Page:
Bhoja Air Flight B-4 213, took off from the Jinnah International Airport in Karachi on its flight to the Benazir Bhutto International Airport at Islamabad. It was destined to be the last flight for the Boeing 737, carrying 121 passengers and six crew. It crashed in bad weather close to Hussein Abad village near the Pakistani capital Islamabad, last night (April 20, 2012). No survivors were found among the wreckage of the Boeing 737. Police officer Fazle Akbar told AFP that "There is no chance of any survivors. It will be only a miracle. The plane is totally destroyed."

Bhoja Air Flight B-4 213, was due to land at Islamabad at 6.50 p.m. local time. However, contact with Islamabad control tower was lost 10 minutes before and soon the plane had crashed. The website of Pakistan's Dawn newspaper reported that parts of Islamabad was being lashed with violent rains and windstorm. It has been suggested that lightning may have caused a fire and subsequent crash of the plane. As the black box of the plane has been found, further details are bound to be revealed in due course.

It has been just six weeks after Bhoja Air had resumed its flights after being grounded by lack of funds in 2000. With a fleet of five Boeing 737s, they had planned to start several domestic flight routes connecting Karachi with Islamabad, Multan and Lahore. In Pakistan, travel is much efficient by air and accidents are relatively rare. The worst accident in Pakistani air transport history inside Pakistan was in 2010 also at Islamabad when an Airbus 321 operated by a private airline Airblue carrying 152 people crashed when coming to land. Coincidentally, it was also coming from Karachi.


Khurram Shahzad, "No Hope of Survivors in Pakistan Plane Crash: Police", AFP, April 20, 2012.

"Scores Killed in Pakistan Plane Crash", Al Jazeera, April 20, 2012.

"Plane Crash near Islamabad Kills 127",, April 20, 2012.

Bhoja Air Website, B4-213 KHI-ISB 20-04-2012 List of Passengers.

Tuesday, April 17, 2012

North Korean 'Rocket Madness'

North Korea's launching of Unha-3 rocket carrying the satellite Kwangmyongsong-3 was unsuccessful as the rocket exploded in less than 100 seconds. Therefore, Japan and South Korea were denied the 'pleasure' of shooting it down. North Korea decided to carry out the launch despite the protests of the West, South Korea and Japan. The North Koreans declared that Kwangmyongsong-3 was a weather satellite but the West countered stating that the launch was a cover-up for an Intercontinental Ballistic Missile test.

The North Koreans had planned to launch the satellite between April 12-16, 2012, to commemorate their founder Kim Il-sung's birth centenary. Born on April 15, 1912, Kim Il-sung was a anti-Japanese guerrilla leader during the 1930s. Later he became the leader of the Soviet zone of Korea after the end of the Second World War in 1945. He was the leader of the Democratic People's Republic of Korea (DPRK) from its founding in 1948 until his death in 1994. He was succeeded by his son, Kim Jong-il. When he died in December 2011, he was in turn succeeded by his son Kim Jong-un.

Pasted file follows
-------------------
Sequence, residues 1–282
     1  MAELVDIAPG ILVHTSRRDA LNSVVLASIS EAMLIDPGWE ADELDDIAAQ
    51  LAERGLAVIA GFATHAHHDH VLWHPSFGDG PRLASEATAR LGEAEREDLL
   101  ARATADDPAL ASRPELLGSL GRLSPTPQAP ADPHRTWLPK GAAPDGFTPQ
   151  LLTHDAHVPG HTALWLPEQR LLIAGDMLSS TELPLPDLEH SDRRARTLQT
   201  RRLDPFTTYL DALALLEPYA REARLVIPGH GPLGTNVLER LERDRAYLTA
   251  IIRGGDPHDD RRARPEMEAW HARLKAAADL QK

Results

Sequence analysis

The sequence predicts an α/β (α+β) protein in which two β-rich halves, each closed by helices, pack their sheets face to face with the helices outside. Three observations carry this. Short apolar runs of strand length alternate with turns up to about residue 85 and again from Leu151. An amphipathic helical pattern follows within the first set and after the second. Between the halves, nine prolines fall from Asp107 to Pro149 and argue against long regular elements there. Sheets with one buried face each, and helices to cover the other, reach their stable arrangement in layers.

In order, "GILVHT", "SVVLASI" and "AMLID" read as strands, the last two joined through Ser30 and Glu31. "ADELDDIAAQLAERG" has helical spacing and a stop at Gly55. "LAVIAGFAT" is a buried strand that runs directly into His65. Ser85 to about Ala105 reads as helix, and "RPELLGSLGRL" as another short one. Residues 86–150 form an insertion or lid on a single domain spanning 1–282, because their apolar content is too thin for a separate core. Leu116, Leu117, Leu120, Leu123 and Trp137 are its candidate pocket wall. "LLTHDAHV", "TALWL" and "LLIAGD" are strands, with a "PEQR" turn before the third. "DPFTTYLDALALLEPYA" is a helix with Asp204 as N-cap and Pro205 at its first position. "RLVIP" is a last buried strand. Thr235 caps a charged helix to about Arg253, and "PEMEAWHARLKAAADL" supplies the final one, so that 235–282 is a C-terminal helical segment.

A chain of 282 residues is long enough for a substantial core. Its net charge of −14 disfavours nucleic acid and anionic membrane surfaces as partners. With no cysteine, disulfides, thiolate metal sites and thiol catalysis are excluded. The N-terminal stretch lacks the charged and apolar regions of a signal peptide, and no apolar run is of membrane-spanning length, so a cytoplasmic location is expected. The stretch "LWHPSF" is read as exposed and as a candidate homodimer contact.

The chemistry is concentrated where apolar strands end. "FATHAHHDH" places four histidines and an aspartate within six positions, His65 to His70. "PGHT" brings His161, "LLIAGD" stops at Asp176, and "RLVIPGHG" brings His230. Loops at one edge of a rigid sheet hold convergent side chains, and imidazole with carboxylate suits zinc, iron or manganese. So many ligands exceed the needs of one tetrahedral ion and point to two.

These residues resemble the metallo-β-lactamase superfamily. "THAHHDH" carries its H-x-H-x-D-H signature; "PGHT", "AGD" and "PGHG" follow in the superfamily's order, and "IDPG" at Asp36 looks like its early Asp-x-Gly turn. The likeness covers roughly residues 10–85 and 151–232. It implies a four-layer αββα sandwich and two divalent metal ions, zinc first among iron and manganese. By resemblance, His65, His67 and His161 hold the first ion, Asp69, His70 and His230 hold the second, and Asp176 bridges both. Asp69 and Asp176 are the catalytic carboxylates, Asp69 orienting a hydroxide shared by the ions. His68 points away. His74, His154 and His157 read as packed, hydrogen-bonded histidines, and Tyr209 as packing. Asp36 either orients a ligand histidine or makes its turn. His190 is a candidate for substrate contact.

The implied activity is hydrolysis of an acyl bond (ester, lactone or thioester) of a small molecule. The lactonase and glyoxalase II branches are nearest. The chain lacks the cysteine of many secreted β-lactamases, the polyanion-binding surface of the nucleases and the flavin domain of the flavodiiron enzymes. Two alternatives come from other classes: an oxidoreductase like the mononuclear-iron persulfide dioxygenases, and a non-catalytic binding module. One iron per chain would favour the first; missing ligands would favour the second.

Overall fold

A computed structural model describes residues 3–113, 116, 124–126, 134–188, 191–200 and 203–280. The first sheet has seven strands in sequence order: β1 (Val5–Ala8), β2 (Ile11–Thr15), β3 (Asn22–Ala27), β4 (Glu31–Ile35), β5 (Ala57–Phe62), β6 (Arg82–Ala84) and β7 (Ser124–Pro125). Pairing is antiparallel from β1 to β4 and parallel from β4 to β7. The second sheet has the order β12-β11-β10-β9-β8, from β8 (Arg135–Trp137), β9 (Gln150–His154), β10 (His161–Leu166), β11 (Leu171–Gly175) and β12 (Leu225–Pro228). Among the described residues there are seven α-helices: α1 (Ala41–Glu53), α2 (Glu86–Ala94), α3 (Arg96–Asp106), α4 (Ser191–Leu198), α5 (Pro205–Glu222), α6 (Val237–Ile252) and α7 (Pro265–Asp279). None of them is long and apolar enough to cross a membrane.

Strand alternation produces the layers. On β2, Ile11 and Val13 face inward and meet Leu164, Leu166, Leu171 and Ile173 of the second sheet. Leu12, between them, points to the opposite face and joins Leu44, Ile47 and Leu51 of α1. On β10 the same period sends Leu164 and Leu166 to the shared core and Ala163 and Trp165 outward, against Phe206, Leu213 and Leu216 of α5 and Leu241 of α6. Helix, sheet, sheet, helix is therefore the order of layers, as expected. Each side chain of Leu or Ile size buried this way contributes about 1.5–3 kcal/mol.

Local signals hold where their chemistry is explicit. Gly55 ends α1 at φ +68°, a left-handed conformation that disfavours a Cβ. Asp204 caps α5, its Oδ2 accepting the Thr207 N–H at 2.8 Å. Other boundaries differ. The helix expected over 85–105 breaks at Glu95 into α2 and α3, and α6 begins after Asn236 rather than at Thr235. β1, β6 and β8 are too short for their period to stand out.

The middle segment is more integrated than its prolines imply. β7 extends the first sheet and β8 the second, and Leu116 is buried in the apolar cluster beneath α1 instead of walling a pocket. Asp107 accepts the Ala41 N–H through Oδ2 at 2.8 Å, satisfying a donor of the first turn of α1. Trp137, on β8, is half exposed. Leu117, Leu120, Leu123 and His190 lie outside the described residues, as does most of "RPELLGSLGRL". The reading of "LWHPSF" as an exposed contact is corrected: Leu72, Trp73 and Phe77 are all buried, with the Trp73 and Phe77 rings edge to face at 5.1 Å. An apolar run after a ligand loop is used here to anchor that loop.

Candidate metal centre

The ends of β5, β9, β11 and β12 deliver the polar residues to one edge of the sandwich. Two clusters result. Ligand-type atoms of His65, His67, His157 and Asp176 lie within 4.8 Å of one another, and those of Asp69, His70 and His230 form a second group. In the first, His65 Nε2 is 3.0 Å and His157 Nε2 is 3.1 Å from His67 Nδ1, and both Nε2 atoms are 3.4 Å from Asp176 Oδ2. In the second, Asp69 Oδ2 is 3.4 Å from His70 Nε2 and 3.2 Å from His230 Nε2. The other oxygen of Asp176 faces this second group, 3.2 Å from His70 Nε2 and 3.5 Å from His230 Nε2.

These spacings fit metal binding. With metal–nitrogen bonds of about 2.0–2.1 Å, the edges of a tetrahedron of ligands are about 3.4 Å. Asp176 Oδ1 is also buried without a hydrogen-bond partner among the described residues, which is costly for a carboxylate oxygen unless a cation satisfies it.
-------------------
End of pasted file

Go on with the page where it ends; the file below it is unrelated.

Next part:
Being an inherently secretive regime, the DPRK has disclosed little details of the private lives of its leaders. The young Kim Jong-un is supposed to be 28 years old and therefore is the youngest head of state serving today. He is ruling over a country of 25 million people, 1.1 million of them, or above 4%, being soldiers. This makes the Korean People's Army the 4th largest army in the world. However, the country is impoverished and starving.

Given this, it is in a way a puzzle as to why the regime continues to pursue increasing militarization with the nuclear program and the rocket program being inherent parts of it. They hardly pay attention to alleviate poverty and the food crisis. Kim Jong-un seems to follow the same line despite some early signs to the contrary.

Usually, North Korea does not own up when they make a mistake. However, they promptly did so when the Unha-3 rocket exploded. Furthermore, Kim Jong-un surprised many when he gave a public speech on April 15, at a military parade to commemorate his grandfather's birth anniversary. However, he payed tribute to his grandfather and father and also to the army. In short, he implied that no fundamental change in the day to day activities of the DPRK leadership should be expected in for the time being.

The main reason for the reluctance towards reforms seems to be the fear that once reforms are initiated, it will go out of the control of the leadership. It will invariably bring the doom of the regime. Unlike China which instituted economic reform while keeping the political control firmly under the Communist Party, the North Koreans face a different threat. They have a traditional rival in the form of South Korea. Any liberalization may end up with the people opting for a better life. What happened to East Germany might be deterring the North Koreans. Therefore, attempts at reform have always been lukewarm and hence destined to fail.

North Korea does need aid. But any aid is bound to come from the West with strings attached. The West would want them to open up. In the long run it will undermine the regime. But what if the DPRK also had a bargain to offer, such as abandoning the nuclear program or the rocket program? Then the West would have less leverage. This has happened earlier, and may happen in the future. The Korean issue is far from over.

Image: North Korean Unha-3 Rocket at Launch Pad, Voice of America, from Wikimedia Commons.


Paul Koring, "Failed Rocket Provides Pyongyang's Moment of Truth", The Globe and Mail (Canada), April 13, 2012.

Damian Grammaticas, "Kim Joun-un's First Public Speech" BBC, April 16, 2012.

"Kim Jong-un Speeks at Military Parade", Korean Central News Agency (KCNA), April 15, 2012.